James Baldwin’s FBI file contains 1,884 pages of documents, collected from 1960 until the early 1970s. During that era of illegal surveillance of American writers, the FBI accumulated 276 pages on Richard Wright, 110 pages on Truman Capote, and just nine pages on Henry Miller. Baldwin’s file was closer in size to activists and radicals of the day — for example, it’s nearly half as thick as Malcolm X’s.

In his new biography, All Those Strangers, Douglas Field decodes these files with great literary and historical finesse. Baldwin often said that his relation to politics was that of a “witness,” but he was vehemently stalked, harassed and even censored by the FBI. Field asserts that after looking through Baldwin’s FBI file, it’s clear his phone was tapped and that government agents, posing as publishers or car salesmen, followed him as he traveled to France, Britain and Italy.

The biography has landed at a particularly sharp moment in our awareness of government surveillance. We now have not only the National Security Agency and its global spying, but the FBI and local law enforcement agencies targeting political activists, such as supporters of the Black Lives Matter movement. And the NYPD, for instance, has its own counterterrorism unit that has surveilled entire communities.

Why did the FBI spy on Baldwin? He was a novelist, essayist and critic, one of the most distinguished writers and thinkers of his time. His skin was black, his sexuality fluid, and his politics tended toward the left, a combination that was enough to turn him into a target for the FBI.

Yet looking at his FBI file, even the most basic facts of his life are riddled with inaccuracies. There is, for instance, a description of Baldwin as “white, early 20s, 6′, neat.” In another file, Baldwin is listed as the author of “Go Tell It to the Mountains” and “Another World.” His first and third novels are in fact titled Go Tell It On The Mountain and Another Country. Such baffling errors read like a precursor to the ways in which bulk collection of metadata today often results in wellsprings of misinformation.

Baldwin’s dossier reads like a long, poorly written novel itself — it is, in every sense, fiction produced by the state.

The FBI is not alone in trying, albeit comically at times, to identify Baldwin’s fingerprint. His critics and detractors were almost always obsessed with categorizing him too neatly, labeling him a black writer, a gay writer, a religious or a secular writer, an American or an expat. Field’s book as a whole poses the argument that Baldwin’s irreverent humanism evades simple literary detection, and the formerly classified documents fit soundly, even crudely, into this line of thought.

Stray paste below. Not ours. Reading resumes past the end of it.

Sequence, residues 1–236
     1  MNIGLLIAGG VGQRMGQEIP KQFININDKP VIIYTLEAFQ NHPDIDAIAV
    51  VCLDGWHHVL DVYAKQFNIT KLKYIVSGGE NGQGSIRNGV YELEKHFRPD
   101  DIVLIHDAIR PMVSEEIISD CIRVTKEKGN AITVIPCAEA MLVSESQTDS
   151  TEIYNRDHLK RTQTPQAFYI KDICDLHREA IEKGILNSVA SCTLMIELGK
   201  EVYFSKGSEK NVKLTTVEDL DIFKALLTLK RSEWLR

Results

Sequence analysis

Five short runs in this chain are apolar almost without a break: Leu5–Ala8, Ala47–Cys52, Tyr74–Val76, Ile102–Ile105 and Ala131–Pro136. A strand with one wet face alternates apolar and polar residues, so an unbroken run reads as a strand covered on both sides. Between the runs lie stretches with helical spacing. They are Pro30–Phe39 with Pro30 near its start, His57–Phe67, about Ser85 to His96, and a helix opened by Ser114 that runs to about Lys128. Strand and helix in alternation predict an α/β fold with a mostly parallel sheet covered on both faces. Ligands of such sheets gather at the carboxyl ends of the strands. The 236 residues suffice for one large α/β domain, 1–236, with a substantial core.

Baldwin is one of those few literary figures who incites commentary in whatever age he’s read, by whomever reads him. Over the course of the last few years, for example, his essays on police brutality (“the police are simply the hired enemies of this population,” he wrote) have been analyzed and instrumentalized for their prescience; they fit into Baldwin’s time as well as ours. The FBI documents have a modern cadence because the injustices of the past have only undergone light revisions.

The FBI’s interest in Baldwin began in 1960 when he was “connected with several Communist Party front groups.” In the following decade, Baldwin was targeted additionally for his ties to civil rights and black power movements. A note from a 1968 document concludes that Baldwin “had joined a growing movement of prominent individuals supporting the struggle of Oakland’s Black Panther Party.” Baldwin befriended some of the most famous black intellectuals and activists of the day, such as Harry Belafonte, Lorraine Hansberry and Nina Simone. He was writing at a time when the FBI, under the directorship of J. Edgar Hoover, opened files on some 250 artists, and also at the height of the FBI’s struggle against the Panthers and other black nationalists, through what would be later revealed as its Counter Intelligence Program (COINTELPRO).

Baldwin was incredibly open about his stance on state surveillance. He once called Hoover “history’s most highly paid (and most utterly useless) voyeur.” He also wrote about his experience of being accosted by two agents: In his essay The Devil Finds Work, he wrote that in 1945 the agents walked him out of a diner, stood him against a wall and showered verbal abuse on him, under the pretense of trying to track down a deserter from the Marine Corps. In 1963, he contributed to the satirical collection A Quarter-Century of Un-Americana: A Tragi-comical Memorabilia of HUAC, in which he referred to the House Un-American Activities Committee as “one of the most sinister facts of the national life.” That same year, Baldwin told the New York Times, “I blame J. Edgar Hoover in part for events in Alabama. Negroes have no cause to have faith in the FBI.”

What is perhaps most interesting about the Baldwin dossier is that it reads like a long, poorly written novel itself — it is, in every sense, fiction produced by the state. Field notes that Baldwin’s FBI files, with their rampant inaccuracies, whited-out passages, and oddball observations “resemble difficult modernist texts.” This is generous of Field and points to the intellectual isolation of these documents. To me, the FBI texts are so stilted and boring that they read more like a blathering source code, the chaotic backend of an intelligence that tries to project ideological coherence at all times. There is perhaps a kind of logic to them, though recognizable only to those in the agency.

In contrast, Baldwin’s language — rife with the contradictions of an artist pushing at his limits — will always contain parts unknown, and remain a difficult, rewarding subject of criticism. It’s a sort of literary encryption, but with the tantalizing promise of revelation.

Hannah K. Gold is a Brooklyn-based freelance writer.